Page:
CHOICE argues on serving size findings

Posted by AFN Staff Writers on 30th November 2011

Differences in recommended serving sizes on like-for-like Australian food products are making it “near impossible” for shoppers to compare the nutritional content of the products, according to new research by Sydney-based medical research body, The George Institute.

The George Institute’s study contained in its ‘Examination of serving sizes of selected food products in Australia’ report, published today, was commissioned by Australian consumer advocacy group CHOICE.

The George Institute’s research looked at the serving sizes of 1,130 products across six categories: snack foods, breakfast cereals, cereal and nut bars, ready meals, soups and yoghurts.

The report found that serving sizes for fruit yoghurts varied from 50g to 500g, muesli from 25g to 80g, potato chips from 19g to 50g and frozen meals from 115g to 450g.

CHOICE spokesperson, Ingrid Just commented that the “bewildering” range of serving sizes was making it difficult for consumers to make healthier food choices. However, CHOICE is not saying that serving sizes need to be standardized.

CHOICE’s Traffic Light Labelling campaign

CHOICE is claiming these new research findings support its ongoing campaign for the Australian Government to introduce mandatory Traffic Light Labelling to food packaging in Australia.

CHOICE’s Ms Just said the report shows that the alternative Percentage Daily Intake front-of-pack labelling system preferred by mainstream food manufacturers and advocated by the Australian Food and Grocery Council (AFGC) is unsatisfactory because it is based on the inconsistent serving sizes.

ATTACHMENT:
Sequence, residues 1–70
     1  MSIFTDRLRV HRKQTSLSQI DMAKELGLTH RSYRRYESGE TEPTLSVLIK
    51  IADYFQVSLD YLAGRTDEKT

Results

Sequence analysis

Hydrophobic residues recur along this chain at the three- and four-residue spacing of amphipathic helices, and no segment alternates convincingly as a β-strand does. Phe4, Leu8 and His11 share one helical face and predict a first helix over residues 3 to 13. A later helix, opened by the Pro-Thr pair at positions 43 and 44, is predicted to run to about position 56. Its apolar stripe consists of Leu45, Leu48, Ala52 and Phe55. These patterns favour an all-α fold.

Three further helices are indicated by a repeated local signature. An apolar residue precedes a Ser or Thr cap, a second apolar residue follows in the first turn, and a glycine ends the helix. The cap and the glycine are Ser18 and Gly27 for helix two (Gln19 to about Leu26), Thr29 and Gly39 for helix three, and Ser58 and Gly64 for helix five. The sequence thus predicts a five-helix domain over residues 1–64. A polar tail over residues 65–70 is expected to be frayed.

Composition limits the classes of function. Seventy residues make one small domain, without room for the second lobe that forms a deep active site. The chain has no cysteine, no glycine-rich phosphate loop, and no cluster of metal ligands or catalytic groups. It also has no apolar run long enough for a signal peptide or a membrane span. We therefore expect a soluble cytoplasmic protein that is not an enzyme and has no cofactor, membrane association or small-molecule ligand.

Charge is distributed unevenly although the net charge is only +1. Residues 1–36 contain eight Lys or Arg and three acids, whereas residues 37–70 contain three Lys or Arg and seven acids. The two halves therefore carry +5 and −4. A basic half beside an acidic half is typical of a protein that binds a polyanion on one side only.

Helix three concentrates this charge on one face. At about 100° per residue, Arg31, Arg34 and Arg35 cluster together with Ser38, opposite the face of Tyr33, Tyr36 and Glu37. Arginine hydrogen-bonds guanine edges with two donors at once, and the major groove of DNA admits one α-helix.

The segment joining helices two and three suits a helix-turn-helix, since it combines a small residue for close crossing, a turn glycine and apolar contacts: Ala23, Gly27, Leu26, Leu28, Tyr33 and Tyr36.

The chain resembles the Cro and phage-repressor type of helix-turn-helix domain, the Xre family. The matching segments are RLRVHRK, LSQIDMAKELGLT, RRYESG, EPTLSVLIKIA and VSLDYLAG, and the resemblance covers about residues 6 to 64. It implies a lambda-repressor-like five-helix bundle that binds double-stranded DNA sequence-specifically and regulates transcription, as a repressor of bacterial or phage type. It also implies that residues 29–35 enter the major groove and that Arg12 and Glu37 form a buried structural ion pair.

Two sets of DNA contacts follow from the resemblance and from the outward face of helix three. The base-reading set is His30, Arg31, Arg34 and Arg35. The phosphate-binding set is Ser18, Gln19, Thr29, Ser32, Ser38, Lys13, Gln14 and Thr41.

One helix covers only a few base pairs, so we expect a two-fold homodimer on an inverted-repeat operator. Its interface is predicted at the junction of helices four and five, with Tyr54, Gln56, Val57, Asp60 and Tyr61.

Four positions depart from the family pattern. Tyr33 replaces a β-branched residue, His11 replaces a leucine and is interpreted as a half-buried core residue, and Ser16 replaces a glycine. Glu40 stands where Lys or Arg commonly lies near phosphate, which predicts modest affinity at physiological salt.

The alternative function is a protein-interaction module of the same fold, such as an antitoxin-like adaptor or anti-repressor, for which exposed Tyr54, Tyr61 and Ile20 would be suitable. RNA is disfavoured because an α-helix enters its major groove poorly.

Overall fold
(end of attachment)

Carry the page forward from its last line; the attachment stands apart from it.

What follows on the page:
She said, “Traffic Light Labelling is based on a 100g or 100ml standard. This gives consumers at-a-glance nutritional information based on consistent size comparisons, rather than the Percentage Daily Intake system which sees serving sizes set at the whim of manufacturers.”

In 2009, Australian and New Zealand governments set in motion a comprehensive review of food labelling law and policy.  Former Australian Health Minister Dr Neal Blewett headed the Review Panel.

D-Day Decision Imminent

Officials from the New Zealand Government, and Australian Commonwealth, State and Territory governments, are developing responses to the recommendations in Dr Blewett’s report. The Australian New Zealand Food Regulation Ministerial Council is due to reach a consensus decision on responses to the report’s recommendations at its meeting on 9 December 2011.

The Federal Government has just today announced its own stance on various recommendations of the Blewett report.